Sometimes we get into the model of fuss—do this, do that—just because you’re supposed to. So I really try to frame it in a way where they understand this isn’t me being the bad guy. This isn’t me fussing just because I want to fuss. It’s because you set goals and I’m here to support you in reaching that and I can see a little beyond what you can see. So I don’t want you to fall in certain holes, I’m trying to help you avoid them and make it to the goals that you set. That’s usually my approach. But first to listen and see where they’re at.
The Golden Rule Movement provides a platform for women who embody the selfless, caring spirit of motherhood, and who are using that maternal energy to make the world a better place. How would you say you exemplify the Golden Rule in your everyday life?
When I made two major moves to support the mental health and health needs for the family, I literally quit my job twice and moved them halfway across the country. Because no matter what I do here, no matter what good I do in this community, if my mother is going to suffer, none of it’s worth it. If she’s going to be aging alone, that’s not worth it for me, at all. I think my effort to demonstrate to my children that it is these little choices that we make every day. My daughter might complain about what’s going on at high school, so this year I volunteered and helped with the PTO. We were talking about it last night, and I said that I’m really glad that I did it because of how much I learned and can share with others. You don’t just have to complain about something. This is how you do something. So she’s able to see me going to lobby before city council; lobbying to the Chancellor to say you’re underfunding our school, this is why and this is what needs to happen; meeting with the faculty and different branches of the school family to help make a change. And so I think all of those pieces, but I’m also trying to make sure that I keep myself on the plate. I think that is the biggest piece. For me to just be like, “Yes, I can do all these things. But we do come first.”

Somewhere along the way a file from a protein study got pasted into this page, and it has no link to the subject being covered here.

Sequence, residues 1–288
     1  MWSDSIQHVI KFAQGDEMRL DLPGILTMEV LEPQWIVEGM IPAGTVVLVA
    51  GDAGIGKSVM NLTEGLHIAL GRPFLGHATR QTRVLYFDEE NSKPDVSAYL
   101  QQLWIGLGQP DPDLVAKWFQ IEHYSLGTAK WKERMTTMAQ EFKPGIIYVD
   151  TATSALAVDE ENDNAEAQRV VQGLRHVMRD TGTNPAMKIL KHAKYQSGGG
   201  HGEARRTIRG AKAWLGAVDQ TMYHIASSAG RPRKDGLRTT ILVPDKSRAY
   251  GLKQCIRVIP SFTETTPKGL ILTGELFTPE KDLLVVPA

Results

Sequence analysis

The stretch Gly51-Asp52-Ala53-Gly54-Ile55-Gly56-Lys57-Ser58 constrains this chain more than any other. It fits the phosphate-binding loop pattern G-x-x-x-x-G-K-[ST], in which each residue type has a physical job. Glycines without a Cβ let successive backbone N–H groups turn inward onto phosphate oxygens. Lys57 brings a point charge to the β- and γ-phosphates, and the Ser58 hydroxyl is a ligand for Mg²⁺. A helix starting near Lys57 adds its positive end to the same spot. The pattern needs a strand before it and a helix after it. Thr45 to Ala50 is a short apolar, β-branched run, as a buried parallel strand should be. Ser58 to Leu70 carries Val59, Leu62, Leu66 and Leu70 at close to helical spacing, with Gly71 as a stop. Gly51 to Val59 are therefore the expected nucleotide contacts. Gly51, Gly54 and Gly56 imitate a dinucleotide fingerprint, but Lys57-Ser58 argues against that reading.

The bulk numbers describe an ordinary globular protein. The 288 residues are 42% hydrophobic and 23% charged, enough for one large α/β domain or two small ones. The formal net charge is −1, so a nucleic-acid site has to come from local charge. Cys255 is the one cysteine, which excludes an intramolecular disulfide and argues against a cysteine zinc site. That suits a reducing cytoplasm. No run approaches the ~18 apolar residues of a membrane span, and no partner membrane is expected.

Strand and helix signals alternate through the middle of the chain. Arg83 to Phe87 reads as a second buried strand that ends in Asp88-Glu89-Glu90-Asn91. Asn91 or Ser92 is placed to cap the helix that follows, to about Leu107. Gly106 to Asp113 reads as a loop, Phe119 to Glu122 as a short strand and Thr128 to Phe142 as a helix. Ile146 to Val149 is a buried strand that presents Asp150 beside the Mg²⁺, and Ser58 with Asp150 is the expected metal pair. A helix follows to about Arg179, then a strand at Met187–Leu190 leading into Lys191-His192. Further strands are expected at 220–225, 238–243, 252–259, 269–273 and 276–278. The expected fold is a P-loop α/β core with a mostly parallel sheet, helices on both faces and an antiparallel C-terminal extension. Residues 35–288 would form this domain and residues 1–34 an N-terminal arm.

Amber Golden, Ph.D., MFA, MS is a multidisciplinary scholar and dancer. She is passionate about improving mental health and well-being in the African American community. In service to her community, she hosts Emotional Emancipation Circles™, which is designed to assist Black people of African descent in beginning and deepening the healing process from the deleterious, intergenerational effects of systemic racism. Amber is currently serving as a Visiting Professor at Florida A&M University’s Department of Psychology. She lovingly offers day-to-day support to her vivacious octogenarian mother and is nurturing her three children through adolescence and into young adulthood. She also serves as a mentor and PTO president of her middle child’s high school.
Do you have moms in your life you’d like to nominate for the Mother of the Year® honor? Nominate them today!